This doesn't sound like you've been exposed to too many romance novels. That's your best point of call to see how sex is/isn't handled in romance, and why it's still classed a romance even when it does/doesn't have sex in it, no matter how on page the sex scene gets. And sex can get very, very, very gritty in romance, as most have said. :)
 

gingerwoman

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I wrote a romance novel that I think might be contemporary romance, but there's a very subtle paranormal element to it that doesn't totally come together until the last two chapters (as it stands now). It's kind of a twist ending. How do I describe the genre then? There's a slight/mystery/thriller component to it as well, but very subtle. Mainly, it's a story about two characters very much set in our world. But there are some fishy things happening that the main character thinks are just in her head or that she's too preoccupied with other things going on to take seriously. Then boom...there's a kind of out of left field ending.

Notwithstanding the possibility I have to totally rewrite this and make it more firmly footed in one genre (which might be the case), how would I categorize genre as it stands?

Oh, also as it stands, there's a heavy erotic component. I bring this up as an afterthought because I could totally cut out the erotic part and just have it be a romance. I haven't decided what to do about that yet.

But...if it's a romance without the erotic stuff, what would I call this? I feel like contemporary romance is the best fit. The paranormal element is too subtle and I think calling it paranormal romance would be misleading.

And if I keep the erotica...is it simply erotic romance? Or contemporary erotic romance?

Finally, what do you think in terms of trying to pitch this. Better with or without the erotic element? I feel like the label erotic romance narrows audience and takes the emphasis off the characters and the story when they're the most important part. But I think the erotic parts make it fun and more real than a story without them. Because isn't that a huge part of a romance between two people?

Any thoughts would be appreciated!
Is it kind of funny quirky because some chick lit type romance is mostly contemporary with a slight paranormal element. Having explicit sex in your book doesn't make it erotica.
 

veinglory

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Your book sounds to me like simply contemporary romance. If you wan tot be sure get a beta-reader familiar with the subgenres to have a look at it.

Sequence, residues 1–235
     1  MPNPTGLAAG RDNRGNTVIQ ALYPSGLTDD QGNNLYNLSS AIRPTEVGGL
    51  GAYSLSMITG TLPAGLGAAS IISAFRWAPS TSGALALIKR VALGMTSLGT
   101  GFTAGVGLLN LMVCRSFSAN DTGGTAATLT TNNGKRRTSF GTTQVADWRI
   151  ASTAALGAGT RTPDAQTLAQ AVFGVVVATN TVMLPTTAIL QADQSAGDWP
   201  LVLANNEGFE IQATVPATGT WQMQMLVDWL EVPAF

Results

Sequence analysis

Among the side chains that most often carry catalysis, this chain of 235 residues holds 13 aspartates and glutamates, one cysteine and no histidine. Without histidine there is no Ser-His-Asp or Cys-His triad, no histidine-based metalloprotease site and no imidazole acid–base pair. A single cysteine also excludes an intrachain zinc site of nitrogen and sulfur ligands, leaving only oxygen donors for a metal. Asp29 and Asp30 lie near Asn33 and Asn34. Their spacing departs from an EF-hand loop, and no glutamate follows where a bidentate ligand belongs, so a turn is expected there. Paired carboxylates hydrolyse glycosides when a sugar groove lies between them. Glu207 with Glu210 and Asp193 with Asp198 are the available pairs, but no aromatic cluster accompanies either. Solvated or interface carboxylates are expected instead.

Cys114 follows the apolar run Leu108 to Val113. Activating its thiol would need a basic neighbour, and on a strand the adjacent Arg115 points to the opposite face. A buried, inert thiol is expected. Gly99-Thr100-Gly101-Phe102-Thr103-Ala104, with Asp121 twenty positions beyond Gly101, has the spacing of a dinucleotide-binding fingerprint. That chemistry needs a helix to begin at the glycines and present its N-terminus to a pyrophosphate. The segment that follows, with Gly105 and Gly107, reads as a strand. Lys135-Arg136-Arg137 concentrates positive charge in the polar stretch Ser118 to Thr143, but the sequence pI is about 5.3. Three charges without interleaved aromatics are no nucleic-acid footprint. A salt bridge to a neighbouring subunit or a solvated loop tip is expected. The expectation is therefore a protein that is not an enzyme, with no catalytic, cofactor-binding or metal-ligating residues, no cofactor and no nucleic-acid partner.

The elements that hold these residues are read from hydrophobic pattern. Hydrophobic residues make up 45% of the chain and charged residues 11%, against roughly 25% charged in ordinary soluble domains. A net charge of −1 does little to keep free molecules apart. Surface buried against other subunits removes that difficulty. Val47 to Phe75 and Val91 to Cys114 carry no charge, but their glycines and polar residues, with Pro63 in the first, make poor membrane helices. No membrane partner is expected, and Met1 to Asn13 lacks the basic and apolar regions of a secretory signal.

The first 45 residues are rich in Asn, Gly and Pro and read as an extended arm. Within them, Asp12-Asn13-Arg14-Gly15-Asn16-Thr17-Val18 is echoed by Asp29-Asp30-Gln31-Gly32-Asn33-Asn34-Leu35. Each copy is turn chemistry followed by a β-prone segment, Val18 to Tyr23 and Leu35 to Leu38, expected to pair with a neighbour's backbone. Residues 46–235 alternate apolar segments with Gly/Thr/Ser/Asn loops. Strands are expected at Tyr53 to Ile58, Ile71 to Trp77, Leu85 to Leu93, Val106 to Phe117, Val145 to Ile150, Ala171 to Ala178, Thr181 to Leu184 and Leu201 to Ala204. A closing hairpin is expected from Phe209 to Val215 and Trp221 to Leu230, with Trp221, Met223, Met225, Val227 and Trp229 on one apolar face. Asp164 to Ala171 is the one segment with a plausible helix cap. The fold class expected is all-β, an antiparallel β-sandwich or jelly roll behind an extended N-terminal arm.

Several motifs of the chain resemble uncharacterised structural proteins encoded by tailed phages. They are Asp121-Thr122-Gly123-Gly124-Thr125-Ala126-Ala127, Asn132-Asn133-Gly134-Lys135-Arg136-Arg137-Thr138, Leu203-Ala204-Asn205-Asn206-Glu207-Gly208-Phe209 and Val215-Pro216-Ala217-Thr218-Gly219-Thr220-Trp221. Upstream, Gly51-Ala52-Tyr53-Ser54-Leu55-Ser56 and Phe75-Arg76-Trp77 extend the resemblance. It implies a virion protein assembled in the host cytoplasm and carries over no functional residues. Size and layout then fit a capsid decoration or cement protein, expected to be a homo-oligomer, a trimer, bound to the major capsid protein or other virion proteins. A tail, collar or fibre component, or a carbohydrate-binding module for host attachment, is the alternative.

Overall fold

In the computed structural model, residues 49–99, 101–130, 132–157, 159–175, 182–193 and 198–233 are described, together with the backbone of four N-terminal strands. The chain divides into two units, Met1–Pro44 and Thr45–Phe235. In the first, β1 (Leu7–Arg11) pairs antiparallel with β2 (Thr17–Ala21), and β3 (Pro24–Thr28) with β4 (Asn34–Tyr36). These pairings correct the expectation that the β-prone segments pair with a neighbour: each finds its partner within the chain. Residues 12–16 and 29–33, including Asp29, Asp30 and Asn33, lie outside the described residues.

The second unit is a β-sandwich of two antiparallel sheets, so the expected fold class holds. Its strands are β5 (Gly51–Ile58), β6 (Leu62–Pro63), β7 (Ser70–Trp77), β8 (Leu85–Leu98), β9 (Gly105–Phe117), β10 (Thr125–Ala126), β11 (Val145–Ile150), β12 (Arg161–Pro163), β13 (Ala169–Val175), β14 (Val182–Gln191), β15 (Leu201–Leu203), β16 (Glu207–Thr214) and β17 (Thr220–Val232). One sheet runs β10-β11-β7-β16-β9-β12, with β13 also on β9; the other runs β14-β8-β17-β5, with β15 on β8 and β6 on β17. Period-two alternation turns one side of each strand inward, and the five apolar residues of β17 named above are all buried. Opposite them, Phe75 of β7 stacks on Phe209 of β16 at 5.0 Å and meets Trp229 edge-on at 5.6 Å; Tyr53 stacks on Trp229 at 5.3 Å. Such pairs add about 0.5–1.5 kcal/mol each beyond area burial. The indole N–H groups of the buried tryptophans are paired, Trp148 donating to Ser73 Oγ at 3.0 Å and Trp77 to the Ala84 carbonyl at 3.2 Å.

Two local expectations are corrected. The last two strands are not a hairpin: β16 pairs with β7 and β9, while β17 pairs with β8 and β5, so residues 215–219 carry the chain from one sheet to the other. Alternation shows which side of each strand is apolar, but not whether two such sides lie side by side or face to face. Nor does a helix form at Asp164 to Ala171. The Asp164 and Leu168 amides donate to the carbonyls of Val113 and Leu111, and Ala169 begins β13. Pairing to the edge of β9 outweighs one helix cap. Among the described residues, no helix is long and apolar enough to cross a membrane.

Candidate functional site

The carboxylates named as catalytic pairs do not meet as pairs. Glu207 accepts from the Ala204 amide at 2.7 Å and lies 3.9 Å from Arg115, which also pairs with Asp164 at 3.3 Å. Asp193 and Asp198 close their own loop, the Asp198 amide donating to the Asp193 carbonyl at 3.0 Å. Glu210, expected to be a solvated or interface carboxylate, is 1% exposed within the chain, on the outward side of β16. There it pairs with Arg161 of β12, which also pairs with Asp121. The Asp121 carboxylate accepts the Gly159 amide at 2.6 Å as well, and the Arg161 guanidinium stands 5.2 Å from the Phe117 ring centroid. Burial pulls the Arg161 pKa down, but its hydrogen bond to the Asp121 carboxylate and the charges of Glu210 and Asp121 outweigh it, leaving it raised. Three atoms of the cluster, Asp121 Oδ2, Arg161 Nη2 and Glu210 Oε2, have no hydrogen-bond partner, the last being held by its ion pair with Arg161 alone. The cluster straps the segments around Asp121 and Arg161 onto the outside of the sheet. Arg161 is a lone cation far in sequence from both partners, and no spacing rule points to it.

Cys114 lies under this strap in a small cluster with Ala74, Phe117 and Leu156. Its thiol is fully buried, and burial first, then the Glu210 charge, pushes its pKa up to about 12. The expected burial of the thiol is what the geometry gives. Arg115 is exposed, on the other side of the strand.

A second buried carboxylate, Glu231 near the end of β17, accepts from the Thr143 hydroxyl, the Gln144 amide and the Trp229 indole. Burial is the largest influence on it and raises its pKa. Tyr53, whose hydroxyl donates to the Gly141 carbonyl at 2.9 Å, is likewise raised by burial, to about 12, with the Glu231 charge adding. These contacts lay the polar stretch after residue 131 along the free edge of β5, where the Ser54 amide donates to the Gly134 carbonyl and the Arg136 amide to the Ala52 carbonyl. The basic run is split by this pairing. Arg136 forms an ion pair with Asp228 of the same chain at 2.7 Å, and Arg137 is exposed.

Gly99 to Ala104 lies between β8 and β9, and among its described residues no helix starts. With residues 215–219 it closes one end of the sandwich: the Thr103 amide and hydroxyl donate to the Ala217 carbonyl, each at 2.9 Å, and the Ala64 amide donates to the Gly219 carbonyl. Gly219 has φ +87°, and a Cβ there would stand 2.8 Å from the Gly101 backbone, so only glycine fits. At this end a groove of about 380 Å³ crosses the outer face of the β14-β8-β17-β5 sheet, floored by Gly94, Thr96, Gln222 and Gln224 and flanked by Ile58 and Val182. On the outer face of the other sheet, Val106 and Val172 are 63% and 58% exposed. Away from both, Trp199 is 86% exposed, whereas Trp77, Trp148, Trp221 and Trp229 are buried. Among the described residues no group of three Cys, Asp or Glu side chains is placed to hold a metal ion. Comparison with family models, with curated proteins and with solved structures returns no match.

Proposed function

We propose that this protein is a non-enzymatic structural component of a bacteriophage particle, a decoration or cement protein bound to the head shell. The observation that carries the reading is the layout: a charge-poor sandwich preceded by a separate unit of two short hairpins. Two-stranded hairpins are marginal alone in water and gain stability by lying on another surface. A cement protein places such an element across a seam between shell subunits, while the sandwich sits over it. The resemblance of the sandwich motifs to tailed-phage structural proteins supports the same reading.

Jan74

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See I knew others with much more knowledge than I would step in :)
 

rachelviola

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Great...thanks so much! I guess I thought it was erotica because of the words I was using. Most romance I looked at were going out of their way to not use the p and c words and stuff like that. And the ones that did came up as romance/erotica when I bought them off amazon. Maybe it was a miss-classification because I wrote this based kind of on what I gathered from reading those books. Yes, I don't typically write/read romance but wanted to try something different. I'd love suggestions on good reads! and good insight veinglory on the beta reader idea...it's a draft away from a serious beta read and I think I should research more based on your responses! many thanks :)
 

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It's my understanding that the difference between romance and erotica has nothing to do with the level of heat. As long as the story is more about the emotional relationship than the sexual relationship, you can get as gritty as you like and still be romance.

This is my understanding too. There are different "heat" levels in romance too, from very steamy and graphic to completely chaste (with sex not even implied). As others have said, a story is erotica when the sex itself drives the characters' journey, romantic or otherwise. Romance requires a central love story and a HEA.

I've read contemporary novels that contain paranormal elements that are not actually paranormal in focus or intent. Often they leave the true origin or nature of inexplicable experiences up in the air. I read a recent Judy Blume novel (*for adults, not one of her kids' books) that had a character who thought she was possessed by a spirit, for instance, and it was never completely clear if this was so or not.
 

edutton

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why I feel what I've written is erotica -- because of the more graphic language and descriptions I use. It might be treading the line but I think if I softened the language a bit and made it a little more...idk...romantical? as opposed to pornographic. then it would be straight up romance and not erotic romance. i kind of prefer something a little grittier though because it feels more real to me.
We're living in an era where even in Regencies (once a solid bastion of the "sweet" (that is, non-explicit) romance story), the men usually have cocks and there's a fairly set and predictable banging progression. You may want to do a little wider reading in the genre.